The sun’s out and that means we need a refreshing cocktail made with minimum fuss. Something laid back. A Gin and Juice, perhaps…
We like to think our Cocktail of the Week series has a nice wide range of serves that aren’t too tricky to make. But some might involve bitters or liqueurs you’re not familiar with or require some intermediate-level prep you just don’t have the time or inclination for. This is why we also love to feature some of the drinks world’s most simple serves.
It doesn’t come much easier than a two-part drink. And of all the many variations possible, there is perhaps none as easy or immediately appetizing as the Gin and Juice. It’s so basic, it’s hardly a cocktail. It doesn’t even have a dedicated name like a Screwdriver. Just a description of what’s in the drink. And the exact recipe is up to you.
No fancy equipment. No strange ingredients. It’s cheap, cheerful, and a crowd-pleaser. Who the hell won’t actually enjoy a Gin and Juice? Fruity and refreshing is always a winning combo. Try and mess it up, I dare you.
A classic in two worlds
Best of all, the Gin and Juice will always remind you of the song of the same name by Snoop Dogg. In fact, on the excellent Difford’s Guide, the ‘History’ section of this serve hilariously says the Gin and Juice is “possibly the inspiration behind the Top 10 single ‘Gin and Juice’ by rapper Snoop Doggy Dogg”. I think you might be onto something there, guys.
The second single from his debut album, Doggystyle, Gin and Juice was released in 1994 and is still Snoop’s most-streamed song on Spotify. It also features arguably the greatest line in a music video of all time: “Snoop doggy dog, you need to get a jobby job”. Still amazing after all these years. The song has also helped propel the drink’s fame and no doubt helped make it the name of choice for countless bars and clubs.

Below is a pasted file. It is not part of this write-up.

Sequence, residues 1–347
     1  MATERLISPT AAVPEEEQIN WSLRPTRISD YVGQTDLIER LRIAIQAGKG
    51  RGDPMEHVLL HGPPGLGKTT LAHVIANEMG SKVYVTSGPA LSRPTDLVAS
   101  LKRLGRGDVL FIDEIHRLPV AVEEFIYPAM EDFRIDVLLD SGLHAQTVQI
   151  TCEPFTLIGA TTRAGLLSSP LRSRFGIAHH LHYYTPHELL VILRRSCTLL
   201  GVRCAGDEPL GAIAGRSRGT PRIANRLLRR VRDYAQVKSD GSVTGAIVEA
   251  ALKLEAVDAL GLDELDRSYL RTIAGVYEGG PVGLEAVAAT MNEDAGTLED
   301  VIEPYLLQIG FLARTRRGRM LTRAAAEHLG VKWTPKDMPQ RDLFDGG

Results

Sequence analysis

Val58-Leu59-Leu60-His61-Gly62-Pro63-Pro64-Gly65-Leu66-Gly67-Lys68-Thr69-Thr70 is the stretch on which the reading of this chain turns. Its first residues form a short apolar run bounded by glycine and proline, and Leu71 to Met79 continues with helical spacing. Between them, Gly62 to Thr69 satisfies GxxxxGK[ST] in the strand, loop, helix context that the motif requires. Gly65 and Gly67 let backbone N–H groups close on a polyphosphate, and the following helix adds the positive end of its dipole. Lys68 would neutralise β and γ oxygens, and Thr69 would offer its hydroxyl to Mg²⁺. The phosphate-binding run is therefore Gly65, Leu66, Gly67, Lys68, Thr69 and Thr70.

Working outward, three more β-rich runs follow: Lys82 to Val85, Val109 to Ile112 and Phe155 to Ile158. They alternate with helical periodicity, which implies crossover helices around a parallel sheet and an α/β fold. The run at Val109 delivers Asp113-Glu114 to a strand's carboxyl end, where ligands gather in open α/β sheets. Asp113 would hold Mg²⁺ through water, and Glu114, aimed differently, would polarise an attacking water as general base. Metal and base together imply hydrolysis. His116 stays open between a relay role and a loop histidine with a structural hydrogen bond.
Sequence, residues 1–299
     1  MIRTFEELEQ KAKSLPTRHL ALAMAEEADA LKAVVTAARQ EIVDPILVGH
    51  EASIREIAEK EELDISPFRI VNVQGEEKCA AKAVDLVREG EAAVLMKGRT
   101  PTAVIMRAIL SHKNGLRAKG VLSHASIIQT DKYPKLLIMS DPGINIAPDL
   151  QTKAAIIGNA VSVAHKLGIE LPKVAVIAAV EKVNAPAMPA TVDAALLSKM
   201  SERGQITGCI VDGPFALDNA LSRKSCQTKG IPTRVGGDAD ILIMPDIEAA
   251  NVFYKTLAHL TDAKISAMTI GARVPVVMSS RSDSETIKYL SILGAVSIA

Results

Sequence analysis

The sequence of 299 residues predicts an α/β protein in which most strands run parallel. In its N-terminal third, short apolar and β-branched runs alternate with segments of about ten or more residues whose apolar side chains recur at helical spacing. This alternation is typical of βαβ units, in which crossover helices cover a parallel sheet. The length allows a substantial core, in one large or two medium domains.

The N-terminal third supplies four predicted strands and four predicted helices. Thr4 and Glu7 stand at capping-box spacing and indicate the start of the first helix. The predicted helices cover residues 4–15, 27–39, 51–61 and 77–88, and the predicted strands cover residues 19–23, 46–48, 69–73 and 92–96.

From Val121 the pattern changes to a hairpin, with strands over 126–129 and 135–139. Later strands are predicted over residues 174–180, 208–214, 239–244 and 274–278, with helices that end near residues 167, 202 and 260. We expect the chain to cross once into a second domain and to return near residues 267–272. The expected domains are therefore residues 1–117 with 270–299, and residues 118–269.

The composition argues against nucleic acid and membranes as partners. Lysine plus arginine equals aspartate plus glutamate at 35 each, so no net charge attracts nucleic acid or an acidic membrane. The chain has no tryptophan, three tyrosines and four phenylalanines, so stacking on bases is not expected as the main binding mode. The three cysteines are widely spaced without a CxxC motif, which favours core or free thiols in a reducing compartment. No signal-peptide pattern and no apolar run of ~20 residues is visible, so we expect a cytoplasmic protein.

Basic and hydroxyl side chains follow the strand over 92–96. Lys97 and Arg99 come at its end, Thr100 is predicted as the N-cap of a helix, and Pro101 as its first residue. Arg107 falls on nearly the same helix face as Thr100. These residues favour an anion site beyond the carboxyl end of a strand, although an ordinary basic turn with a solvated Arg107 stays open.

On 27 May 2018, the legend himself even set the world record for the largest ‘Gin and Juice’, a 500-litre paradise cocktail, containing 180 bottles of gin, 154 bottles of apricot brandy, and 38 3.78-litre jugs of orange juice. Good thing he didn’t call the song White Russian. There’s no way that much milk wouldn’t curdle in the California sun.
A gang of Tanqueray
The most important ingredient is obviously the gin, because while your options seem pretty limitless, you will need to consider which style and profile will pair with your choice of juice. A classic London dry gin is the obvious way to go as it’s the easiest to balance. Snoop himself references Seagram’s gin in the Gin and Juice lyrics, but also says the line “Later on that day, my homie Dr. Dre came through with a gang of Tanqueray”. This gives us the perfect excuse to use an excellent brand of gin and also reveals a very generous side to the good doctor.
As for your juice, have fun with it. We’ve gone for a classic blend of orange and pineapple here, but you can go in whatever direction you like: grapefruit, lime, clam. It will all be tasty if you balance it right. Ok, I was joking with the last one (although someone unbearably trendy hipster bartender will probably make that work), but do experiment to find which flavours you like best. You can even theme your Gin and Juice, make it tropical with mango and pineapple, or festive with cranberry etc.
Once again, as we say often in Cocktail of the Week, the MOST IMPORTANT THING is that the juice is fresh. Otherwise, it just won’t taste as good. Yes, it’s a pain to freshly squeeze your own juice. Yes, it’s easy and cheap to buy pre-made juice. It’s no problem if you want to do that, just understand that it won’t be as good as the fresh stuff. If you’re buying juice, get the stuff from the chiller cabinet, not the shelf. The latter is made from concentrate and heat-treated for long life. Not delicious. Oh, and some Gin and Juice recipes call for simple syrup, for those who like drinks on the sweeter side. That seems mad to me in a drink that is mostly fruit sugars anyway, but if you do need a little extra kick then I would add small amounts (5ml ish) at a time so you don’t mess up what should be the world’s easiest cocktail.
How to make a Gin and Juice
And that’s it, basically. This recipe was provided by the folks at Tanqueray, but really do feel free to play around with this one.
35ml Tanqueray No. 10
60ml fresh orange juice
60ml fresh pineapple juice
Splash your Tanqueray London Dry Gin in a shaker then add the fresh juices. Fill with ice, shake and strain, then squeeze some lime and dunk it in.